Tom Clancy’s Splinter Cell Blacklist Review
There are actually a lot of first person shooter games out there with something political to share with its players. Usually pro-American and fully equipped with some really messed-up psychological horror thrown in for good measure. Then again, there are also quite a few of those that more or less provide some kind of critique over what the US is doing and what it shouldn’t be doing in the various ops it happens to be involved in.
Blacklist’s latest game doesn’t have any of though. In fact, it forgoes the entire positive angle when it comes to the actions of the US and dives straight into a negative portrayal of the American military and its allies. Strikes into countries without the support or even knowledge of the local government and possibly attack its citizenry. People are implied to be tortured during interrogation sequences and all kinds of intrusive surveillance methods are placed above a number of countries.
Once again, the game returns with everyone’s favorite secret operative Sam Fisher and his struggles with terrorist organizations trying to bring the world to its knees. With his organization, the Fourth Echelon, it seems likely that he’s in for quite a ride as he goes on to do a lot of questionable acts to put the terrorists of the game to justice. However, considering what he’s actually doing to said terrorists, players even come to wonder about their own moral standing.
Well, there is some justification to what’s actually going on. After all, when you’re fighting a fanatical terrorist organization, what choice do you have at all, if any? When you stop to think about the way they can simply infiltrate any and every level of society and then commit even worse acts for the heck of it, what exactly can you do? Anyway, in this game, the terrorists call themselves the Engineers and they have a five-stage attack plan which they call the Blacklist that must be stopped at all costs. And when I say all costs, you will find yourself deeply uncomfortable as the game plays on and you come to realize that the difference between you and the bad guys isn’t really all that much. And while yes, the characters spend a great deal of time arguing over what’s right and what’s wrong, what’s justified and unjustified, you later realize that the characters are likely to go on with it anyway.
The end product comes out as not a critique but an otherwise realistic portrayal of how the more clandestine parts of the US military and its espionage system actually functions. Overall, the game’s background is as controversial as it is complicated and while the characters may seem amoral to some, it’s not really far from how actual people in the same situation would actually behave.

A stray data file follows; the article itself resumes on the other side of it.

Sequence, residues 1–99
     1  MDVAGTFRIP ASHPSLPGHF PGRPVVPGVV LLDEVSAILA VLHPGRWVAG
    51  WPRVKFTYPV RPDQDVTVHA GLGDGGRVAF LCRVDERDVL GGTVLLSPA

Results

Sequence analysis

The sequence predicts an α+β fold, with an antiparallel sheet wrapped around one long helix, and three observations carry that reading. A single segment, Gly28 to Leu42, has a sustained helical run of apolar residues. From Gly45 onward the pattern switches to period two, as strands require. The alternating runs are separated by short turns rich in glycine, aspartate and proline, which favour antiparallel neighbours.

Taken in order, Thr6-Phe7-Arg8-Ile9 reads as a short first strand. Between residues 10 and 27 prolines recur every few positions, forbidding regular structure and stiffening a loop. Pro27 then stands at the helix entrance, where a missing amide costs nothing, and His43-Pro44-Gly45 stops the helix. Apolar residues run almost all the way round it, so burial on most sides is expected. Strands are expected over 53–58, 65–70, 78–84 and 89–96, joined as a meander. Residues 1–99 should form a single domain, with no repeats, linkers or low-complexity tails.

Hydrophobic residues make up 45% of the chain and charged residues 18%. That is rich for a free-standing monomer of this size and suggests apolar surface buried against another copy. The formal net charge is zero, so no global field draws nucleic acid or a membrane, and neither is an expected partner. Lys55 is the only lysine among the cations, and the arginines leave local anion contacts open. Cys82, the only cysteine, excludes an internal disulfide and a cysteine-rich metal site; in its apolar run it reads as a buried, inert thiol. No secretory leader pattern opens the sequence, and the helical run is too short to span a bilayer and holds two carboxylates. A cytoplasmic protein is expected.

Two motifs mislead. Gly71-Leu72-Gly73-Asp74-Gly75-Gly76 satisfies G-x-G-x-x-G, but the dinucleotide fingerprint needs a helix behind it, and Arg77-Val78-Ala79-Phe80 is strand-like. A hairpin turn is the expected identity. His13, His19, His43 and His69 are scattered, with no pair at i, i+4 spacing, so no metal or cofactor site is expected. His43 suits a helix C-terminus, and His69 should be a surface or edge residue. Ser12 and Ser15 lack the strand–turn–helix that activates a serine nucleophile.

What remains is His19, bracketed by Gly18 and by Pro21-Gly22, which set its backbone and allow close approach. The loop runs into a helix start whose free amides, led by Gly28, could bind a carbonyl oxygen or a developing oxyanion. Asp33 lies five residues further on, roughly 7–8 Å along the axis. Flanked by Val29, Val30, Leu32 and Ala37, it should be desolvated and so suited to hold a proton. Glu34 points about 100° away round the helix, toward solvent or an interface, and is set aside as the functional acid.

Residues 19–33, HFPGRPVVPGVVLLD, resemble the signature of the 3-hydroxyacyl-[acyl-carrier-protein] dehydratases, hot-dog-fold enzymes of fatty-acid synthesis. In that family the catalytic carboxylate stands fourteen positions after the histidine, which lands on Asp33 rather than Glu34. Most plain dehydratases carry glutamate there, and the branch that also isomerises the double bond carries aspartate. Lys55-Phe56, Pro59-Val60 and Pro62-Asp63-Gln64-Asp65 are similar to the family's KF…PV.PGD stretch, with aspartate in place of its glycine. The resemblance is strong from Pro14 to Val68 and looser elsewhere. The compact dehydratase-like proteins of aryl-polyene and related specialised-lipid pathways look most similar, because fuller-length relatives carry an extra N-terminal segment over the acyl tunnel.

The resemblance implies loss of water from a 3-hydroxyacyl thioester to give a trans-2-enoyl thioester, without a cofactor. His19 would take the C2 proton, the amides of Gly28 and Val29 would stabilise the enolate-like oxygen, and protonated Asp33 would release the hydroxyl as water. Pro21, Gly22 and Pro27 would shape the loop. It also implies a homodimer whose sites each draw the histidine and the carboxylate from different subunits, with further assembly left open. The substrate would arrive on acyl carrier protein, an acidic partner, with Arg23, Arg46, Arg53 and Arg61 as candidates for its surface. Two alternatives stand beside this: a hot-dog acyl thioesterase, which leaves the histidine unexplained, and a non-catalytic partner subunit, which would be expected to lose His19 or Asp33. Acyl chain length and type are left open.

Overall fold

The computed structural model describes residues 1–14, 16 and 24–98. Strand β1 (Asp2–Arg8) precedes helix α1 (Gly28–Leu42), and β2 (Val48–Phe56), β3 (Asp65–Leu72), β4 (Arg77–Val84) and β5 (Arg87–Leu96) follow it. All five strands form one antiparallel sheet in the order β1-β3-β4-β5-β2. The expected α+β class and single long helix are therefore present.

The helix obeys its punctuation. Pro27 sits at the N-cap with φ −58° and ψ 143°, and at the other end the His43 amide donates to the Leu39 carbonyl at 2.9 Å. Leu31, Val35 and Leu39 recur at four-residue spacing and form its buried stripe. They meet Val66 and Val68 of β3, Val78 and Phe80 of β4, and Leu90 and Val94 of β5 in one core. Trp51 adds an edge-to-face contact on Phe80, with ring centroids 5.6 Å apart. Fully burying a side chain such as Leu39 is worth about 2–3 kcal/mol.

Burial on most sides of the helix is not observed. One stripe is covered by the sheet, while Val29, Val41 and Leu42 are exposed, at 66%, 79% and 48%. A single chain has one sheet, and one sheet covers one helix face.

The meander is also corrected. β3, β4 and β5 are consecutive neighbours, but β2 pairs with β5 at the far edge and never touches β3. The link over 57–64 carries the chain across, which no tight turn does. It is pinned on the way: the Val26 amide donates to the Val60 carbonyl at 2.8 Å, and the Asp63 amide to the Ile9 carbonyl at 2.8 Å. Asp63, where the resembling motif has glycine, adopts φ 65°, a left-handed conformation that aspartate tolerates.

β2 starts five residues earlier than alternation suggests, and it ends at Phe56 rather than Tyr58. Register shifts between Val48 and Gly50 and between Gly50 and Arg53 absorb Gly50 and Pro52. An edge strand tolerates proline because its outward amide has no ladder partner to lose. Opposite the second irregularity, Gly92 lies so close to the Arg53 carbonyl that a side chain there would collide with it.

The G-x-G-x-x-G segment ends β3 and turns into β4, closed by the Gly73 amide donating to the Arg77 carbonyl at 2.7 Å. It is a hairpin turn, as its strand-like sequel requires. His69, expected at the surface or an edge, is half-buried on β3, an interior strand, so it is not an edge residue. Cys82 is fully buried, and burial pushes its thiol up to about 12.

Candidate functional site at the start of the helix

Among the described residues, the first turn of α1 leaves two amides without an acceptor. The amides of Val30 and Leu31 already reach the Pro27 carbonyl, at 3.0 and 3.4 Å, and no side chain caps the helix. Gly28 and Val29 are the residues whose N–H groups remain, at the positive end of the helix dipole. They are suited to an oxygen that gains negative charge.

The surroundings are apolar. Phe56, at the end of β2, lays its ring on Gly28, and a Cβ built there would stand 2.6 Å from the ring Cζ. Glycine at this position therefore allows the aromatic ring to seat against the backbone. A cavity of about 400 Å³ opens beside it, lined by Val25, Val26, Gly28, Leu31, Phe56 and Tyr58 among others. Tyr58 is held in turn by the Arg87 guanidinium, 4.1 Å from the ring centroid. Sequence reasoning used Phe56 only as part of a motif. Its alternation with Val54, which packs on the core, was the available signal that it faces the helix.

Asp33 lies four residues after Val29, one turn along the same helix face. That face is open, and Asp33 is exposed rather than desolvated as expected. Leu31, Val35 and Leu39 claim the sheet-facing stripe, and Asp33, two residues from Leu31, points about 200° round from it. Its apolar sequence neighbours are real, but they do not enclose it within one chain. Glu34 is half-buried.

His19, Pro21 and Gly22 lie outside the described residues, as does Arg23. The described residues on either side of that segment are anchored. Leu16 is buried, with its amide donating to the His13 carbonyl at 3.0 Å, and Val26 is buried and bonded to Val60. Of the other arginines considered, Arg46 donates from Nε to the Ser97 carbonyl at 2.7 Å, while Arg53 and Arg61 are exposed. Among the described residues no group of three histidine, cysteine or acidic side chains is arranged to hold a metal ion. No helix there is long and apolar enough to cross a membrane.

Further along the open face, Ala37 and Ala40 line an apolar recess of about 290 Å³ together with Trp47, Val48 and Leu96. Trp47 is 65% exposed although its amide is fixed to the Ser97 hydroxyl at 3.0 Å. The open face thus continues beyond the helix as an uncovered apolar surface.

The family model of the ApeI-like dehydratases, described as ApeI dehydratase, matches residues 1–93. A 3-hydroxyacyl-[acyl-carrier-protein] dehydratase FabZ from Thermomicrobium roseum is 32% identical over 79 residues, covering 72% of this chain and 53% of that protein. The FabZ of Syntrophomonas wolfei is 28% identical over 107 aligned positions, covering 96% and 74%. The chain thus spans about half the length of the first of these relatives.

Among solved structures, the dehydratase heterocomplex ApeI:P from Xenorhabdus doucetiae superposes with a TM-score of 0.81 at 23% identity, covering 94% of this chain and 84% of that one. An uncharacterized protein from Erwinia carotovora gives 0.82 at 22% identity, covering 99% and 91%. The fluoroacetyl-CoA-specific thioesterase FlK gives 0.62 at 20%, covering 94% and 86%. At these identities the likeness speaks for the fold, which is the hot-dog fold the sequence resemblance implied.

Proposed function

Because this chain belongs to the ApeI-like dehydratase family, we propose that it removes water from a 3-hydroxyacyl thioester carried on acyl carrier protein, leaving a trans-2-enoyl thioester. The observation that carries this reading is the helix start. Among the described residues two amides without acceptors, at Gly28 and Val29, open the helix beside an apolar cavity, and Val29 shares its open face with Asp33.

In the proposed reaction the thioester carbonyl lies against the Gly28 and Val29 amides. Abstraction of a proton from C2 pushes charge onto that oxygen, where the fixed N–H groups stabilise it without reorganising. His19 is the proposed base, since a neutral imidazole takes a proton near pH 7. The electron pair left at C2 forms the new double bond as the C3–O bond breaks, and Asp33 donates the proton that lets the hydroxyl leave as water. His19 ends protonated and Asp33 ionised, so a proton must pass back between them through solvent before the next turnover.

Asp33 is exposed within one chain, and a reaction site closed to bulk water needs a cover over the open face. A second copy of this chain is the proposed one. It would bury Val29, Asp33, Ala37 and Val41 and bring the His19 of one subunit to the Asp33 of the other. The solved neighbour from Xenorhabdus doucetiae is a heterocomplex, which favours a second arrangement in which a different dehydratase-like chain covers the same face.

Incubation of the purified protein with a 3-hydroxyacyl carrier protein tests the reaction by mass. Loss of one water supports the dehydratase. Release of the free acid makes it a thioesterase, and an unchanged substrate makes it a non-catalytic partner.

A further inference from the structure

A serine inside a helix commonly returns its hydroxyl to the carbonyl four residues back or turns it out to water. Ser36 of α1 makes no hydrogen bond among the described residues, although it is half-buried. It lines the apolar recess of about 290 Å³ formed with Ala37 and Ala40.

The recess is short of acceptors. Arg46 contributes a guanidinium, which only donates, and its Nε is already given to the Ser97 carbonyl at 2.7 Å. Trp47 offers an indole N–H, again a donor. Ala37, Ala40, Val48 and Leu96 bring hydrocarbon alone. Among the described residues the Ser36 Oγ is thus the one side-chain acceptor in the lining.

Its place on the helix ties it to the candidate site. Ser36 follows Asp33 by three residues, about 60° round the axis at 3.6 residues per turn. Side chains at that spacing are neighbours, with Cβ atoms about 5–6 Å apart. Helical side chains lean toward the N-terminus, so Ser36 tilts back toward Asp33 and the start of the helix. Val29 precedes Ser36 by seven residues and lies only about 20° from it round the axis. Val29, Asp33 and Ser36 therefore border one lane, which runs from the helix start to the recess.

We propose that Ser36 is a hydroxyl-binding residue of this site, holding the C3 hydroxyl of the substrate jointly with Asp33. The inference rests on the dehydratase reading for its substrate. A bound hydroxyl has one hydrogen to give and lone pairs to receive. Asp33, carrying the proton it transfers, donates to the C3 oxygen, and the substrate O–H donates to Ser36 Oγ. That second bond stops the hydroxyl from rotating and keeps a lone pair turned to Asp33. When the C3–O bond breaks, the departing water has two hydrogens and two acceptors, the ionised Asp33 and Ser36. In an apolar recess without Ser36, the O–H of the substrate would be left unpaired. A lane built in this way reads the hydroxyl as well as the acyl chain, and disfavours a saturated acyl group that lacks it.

As for the overall game elements however, it can be fully enjoyed for being an in-depth game that players can actually immerse themselves in. The characters, especially your team, are to be interacted with in order to achieve better results and the Paladin, the aerial headquarters of your operations are very much like that of the Normandy found in the Mass Effect games.
As for the gameplay, one can probably find it enjoyable enough and is really an expansion from the previous installment Conviction. Your character will be always well-stocked with weapons and your gadgets will be largely customizable, allowing you to adapt to all manner of situations and your weapons can be made to handle a wide variety of enemies.
Overall, the game is fast paced and enjoyable, giving players a chance to truly enjoy their roles as members of an elite anti-terrorist organization. There are three ways to play the game, there is Panther, Ghost and Assault. Panther focuses on stealthy attacks and maneuvers which can be quite challenging considered the AI involved with some of the enemies in the game. Ghost is all about nonlethal takedowns and avoiding confrontations to start with much like a survival horror game although it does involve a bit more than just acting like a tree and not being seen. And then there’s assault which, true to its name, just involves clobbering the crap out of enemies you encounter. And, if you want to turn things up a bit, you can even choose to Realist and Perfectionist which will force you to call upon reserves of wit you never knew were there in the first place. You’ll be fighting enemies in the most difficult of way and, worst yet, be force to plan your every move so as not to alert even more enemies to your presence. Perfectionist playstyle manages to make all the other previous installments of the Splinter Cell franchise a cakewalk.